Cornell Extension Workshop Teaches Farmers And Processors How To Use A Distributor

Malone, NY (April 12, 2010)—On Friday, April 16 at the American Legion, Chateaugay, NY, and Saturday, April 17 at Cornell Cooperative Extension Jefferson County, Watertown, NY, regional and out-of-town food distributors will help Northern NY farmers and processors learn how to sell locally-grown and processed foods to them at 10am-3pm “Working with the Middleman: Selling through or to a local distributor” workshops organized by Cornell Cooperative Extension.

At the Chateaugay workshop, Glazier Food Service Director of Sales Phil Sansone will share information about the Malone-based independent food distributor with a network of 800-some independent retailers, chain stores, restaurants, and institutional buyers across NNY. Glazier stocks more than 400 products from 30-some local producers and processors. Those products include meats, cheeses, maple syrup, sauces, and “as much local produce through the growing season as possible,” Sansone says.

“This conference is an opportunity to help farmers better understand the roles Glazier plays in handling, marketing and promoting their products. For example, we handle accounts receivable, so producers get a check once a week from Glazier and do not have to worry about getting paid by several buyers,” Sansone says.

In addition to being a distributor, Glazier also makes its own label meats (Famous Glazier Red Hot Dogs, sausages, smoked bacon slabs, etc.) and pickled eggs.

Glazier has recently begun distributing Sustain Brand Potato Chips made in Malone, NY, with locally-grown potatoes. Sustain Brand partner Craig Bilow will speak at the conferences about managing wholesale accounts and working with distributors.

Producers attending the Chateaugay workshop will be able to pickup information on Dole & Bailey, a family-owned food distributor that began in Boston’s Fanueil Hall Farmers’ Market in 1868 and now distributes sustainably-produced farm products throughout New England. It operates a livestock processing facility in Woburn, MA, and places a special emphasis on buying meats and produce from small-to-medium-size family farms for sale to chefs and specialty retailers. Dole & Bailey recycles, and uses biodegradable packaging.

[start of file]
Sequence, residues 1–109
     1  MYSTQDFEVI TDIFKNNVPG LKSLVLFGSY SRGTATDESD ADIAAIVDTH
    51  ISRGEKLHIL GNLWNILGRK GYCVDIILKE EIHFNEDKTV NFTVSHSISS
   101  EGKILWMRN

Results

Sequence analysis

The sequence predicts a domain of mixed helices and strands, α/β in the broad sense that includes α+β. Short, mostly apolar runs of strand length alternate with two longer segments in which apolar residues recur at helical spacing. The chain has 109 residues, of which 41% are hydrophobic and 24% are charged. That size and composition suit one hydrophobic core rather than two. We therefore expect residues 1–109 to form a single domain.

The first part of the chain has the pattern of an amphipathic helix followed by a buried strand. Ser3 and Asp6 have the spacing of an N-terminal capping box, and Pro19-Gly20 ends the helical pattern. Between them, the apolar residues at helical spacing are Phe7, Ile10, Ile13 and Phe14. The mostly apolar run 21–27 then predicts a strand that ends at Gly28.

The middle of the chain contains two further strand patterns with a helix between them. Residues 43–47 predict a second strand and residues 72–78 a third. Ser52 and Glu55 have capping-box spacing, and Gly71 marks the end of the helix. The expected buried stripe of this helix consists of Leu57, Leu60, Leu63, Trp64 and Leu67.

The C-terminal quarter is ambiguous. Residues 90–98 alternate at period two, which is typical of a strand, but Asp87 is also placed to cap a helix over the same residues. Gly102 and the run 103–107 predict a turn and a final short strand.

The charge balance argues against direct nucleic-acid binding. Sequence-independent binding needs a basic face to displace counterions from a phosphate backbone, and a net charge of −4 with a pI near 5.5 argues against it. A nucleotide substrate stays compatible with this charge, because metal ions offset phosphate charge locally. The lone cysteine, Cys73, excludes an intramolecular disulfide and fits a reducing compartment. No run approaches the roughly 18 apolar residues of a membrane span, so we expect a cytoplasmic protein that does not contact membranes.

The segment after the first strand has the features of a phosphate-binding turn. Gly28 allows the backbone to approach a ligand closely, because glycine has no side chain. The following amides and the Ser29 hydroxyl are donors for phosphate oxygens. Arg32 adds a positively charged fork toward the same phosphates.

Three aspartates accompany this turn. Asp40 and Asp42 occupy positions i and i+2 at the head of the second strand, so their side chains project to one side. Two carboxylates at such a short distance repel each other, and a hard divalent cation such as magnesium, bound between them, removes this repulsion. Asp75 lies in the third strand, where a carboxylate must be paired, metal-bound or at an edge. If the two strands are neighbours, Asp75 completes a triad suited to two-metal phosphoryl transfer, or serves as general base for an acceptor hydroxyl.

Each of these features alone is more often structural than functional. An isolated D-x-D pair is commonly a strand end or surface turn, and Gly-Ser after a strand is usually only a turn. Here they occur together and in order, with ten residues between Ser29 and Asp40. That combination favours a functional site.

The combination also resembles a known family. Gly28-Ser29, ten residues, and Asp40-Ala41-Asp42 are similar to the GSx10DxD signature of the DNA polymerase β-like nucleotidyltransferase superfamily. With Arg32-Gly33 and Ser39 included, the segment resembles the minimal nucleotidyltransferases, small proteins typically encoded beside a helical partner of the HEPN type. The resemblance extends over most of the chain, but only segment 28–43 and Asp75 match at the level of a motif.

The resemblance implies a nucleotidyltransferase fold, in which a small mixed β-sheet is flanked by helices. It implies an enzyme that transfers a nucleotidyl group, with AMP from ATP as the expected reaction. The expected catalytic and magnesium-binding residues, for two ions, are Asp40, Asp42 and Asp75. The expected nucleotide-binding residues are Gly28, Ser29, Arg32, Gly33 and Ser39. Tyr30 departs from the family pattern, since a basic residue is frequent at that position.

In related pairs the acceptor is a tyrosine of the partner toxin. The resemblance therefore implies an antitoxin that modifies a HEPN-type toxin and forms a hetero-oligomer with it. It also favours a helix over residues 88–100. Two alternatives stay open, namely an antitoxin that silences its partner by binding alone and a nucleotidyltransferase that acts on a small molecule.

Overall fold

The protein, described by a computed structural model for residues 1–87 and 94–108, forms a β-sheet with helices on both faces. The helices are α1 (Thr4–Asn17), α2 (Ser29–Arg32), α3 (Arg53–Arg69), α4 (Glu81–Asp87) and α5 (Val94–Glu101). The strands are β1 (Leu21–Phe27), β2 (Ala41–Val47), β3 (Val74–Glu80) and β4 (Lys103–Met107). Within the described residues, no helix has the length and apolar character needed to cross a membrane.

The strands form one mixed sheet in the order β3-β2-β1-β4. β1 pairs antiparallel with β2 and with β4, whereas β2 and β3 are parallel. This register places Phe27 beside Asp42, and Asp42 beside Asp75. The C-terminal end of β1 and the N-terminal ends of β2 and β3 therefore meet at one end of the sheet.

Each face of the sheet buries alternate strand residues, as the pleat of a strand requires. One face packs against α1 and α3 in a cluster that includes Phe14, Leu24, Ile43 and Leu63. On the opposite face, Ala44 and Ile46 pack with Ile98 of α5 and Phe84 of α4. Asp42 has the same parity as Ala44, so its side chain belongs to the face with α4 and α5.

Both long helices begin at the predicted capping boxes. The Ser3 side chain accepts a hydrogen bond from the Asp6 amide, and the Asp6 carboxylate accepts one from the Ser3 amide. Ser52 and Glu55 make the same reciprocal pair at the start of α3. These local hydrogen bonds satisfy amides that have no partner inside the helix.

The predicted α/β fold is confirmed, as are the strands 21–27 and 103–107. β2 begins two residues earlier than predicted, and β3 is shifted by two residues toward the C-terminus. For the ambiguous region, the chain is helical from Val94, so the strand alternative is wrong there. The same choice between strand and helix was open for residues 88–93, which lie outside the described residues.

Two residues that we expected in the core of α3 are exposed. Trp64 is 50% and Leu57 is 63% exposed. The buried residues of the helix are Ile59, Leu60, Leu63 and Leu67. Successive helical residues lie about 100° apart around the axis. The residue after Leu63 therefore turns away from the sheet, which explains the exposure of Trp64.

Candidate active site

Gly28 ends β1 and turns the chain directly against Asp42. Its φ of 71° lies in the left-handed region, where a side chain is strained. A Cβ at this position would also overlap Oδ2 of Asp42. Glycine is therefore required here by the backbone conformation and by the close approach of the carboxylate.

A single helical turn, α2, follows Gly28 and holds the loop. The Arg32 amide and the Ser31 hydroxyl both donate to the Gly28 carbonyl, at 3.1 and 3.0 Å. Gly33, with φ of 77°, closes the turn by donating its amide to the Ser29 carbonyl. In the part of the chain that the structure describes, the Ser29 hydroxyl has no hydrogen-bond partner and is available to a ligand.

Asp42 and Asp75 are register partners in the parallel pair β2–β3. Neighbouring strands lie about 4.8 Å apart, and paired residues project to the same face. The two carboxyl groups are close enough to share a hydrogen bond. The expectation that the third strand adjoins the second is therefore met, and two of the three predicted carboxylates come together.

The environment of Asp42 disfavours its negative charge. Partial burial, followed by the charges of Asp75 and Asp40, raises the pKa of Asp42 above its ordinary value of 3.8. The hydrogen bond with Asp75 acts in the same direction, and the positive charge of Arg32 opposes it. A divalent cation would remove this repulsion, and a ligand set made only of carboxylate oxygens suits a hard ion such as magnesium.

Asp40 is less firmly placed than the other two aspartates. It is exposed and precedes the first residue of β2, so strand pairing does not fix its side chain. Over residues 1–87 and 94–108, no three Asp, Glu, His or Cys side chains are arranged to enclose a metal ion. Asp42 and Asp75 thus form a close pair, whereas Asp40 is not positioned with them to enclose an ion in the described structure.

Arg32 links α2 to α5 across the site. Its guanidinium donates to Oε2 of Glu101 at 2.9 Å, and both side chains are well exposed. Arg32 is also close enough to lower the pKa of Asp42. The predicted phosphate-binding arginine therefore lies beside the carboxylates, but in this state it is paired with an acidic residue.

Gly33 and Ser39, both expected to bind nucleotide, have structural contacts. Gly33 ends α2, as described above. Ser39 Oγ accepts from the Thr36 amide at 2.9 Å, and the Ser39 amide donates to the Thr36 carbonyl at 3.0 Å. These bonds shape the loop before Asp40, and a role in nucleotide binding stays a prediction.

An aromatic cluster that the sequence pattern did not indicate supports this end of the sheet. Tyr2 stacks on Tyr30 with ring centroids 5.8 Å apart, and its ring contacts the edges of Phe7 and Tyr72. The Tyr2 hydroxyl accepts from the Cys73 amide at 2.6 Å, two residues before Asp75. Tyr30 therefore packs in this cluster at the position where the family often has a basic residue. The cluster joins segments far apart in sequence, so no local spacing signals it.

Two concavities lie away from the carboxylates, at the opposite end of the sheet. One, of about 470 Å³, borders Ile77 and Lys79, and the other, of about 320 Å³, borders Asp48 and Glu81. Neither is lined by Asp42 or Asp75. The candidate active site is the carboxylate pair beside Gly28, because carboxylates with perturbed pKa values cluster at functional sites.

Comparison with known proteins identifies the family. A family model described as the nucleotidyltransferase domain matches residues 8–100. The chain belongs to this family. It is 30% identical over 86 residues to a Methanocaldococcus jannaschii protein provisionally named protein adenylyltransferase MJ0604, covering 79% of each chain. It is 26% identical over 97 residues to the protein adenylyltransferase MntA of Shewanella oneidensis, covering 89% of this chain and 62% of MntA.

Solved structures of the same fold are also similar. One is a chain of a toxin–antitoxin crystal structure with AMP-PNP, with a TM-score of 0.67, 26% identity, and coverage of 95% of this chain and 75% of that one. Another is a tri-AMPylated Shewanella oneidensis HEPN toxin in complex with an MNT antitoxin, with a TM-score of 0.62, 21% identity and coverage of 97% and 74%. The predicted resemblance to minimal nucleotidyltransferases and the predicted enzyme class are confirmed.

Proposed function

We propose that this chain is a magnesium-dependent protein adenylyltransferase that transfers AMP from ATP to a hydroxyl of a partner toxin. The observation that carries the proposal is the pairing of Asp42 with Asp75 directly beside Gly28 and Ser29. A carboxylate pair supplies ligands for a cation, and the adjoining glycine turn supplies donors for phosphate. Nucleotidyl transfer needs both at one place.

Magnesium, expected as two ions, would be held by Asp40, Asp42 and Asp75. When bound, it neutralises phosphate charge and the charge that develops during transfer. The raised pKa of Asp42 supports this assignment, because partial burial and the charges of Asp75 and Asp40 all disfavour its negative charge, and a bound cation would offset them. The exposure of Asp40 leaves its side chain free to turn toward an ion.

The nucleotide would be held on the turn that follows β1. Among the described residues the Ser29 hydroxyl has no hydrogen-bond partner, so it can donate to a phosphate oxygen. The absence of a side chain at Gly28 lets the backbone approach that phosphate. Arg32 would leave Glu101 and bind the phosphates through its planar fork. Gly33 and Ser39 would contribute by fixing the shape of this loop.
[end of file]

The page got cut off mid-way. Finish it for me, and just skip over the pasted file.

On the agenda for both the Chateaugay and Watertown workshops are Northern Adirondack Trading Cooperative Director Ruby Sprowls talking about wholesale pricing, and Agriculture Marketing Specialist Matt LeRoux with Cornell Cooperative Extension Tompkins County helping producers evaluate various types of market channels.

At the Watertown conference, Cornell Cooperative Extension Educator Katherine Lang will talk about the producer-grower owned North Country Grown Cooperative, Inc. based in St. Lawrence County. The cooperative distribute fresh seasonal produce, meats, honey and maple syrup to colleges, restaurants and other Northern New York institutions.

Lang says, “The North Country Grown Cooperative provides a vital link between local farms new to the wholesale market and area institutions interested in trying local purchasing.”

Pre-registration is required; the $5 fee covers lunch and materials. Contact NNY Local Foods Specialist Bernadette Logozar, Cornell Cooperative Extension Franklin County, 518-483-7403 or bel7@cornell.edu This e-mail address is being protected from spambots. You need JavaScript enabled to view it for more information and registration. Logozar is also co-organizer of May 6, 7 and 8 “Eating Local Yet? – Finding and Using Local Foods” event for consumers in Plattsburgh, Canton and Watertown.

Source: The Gouverneur Times


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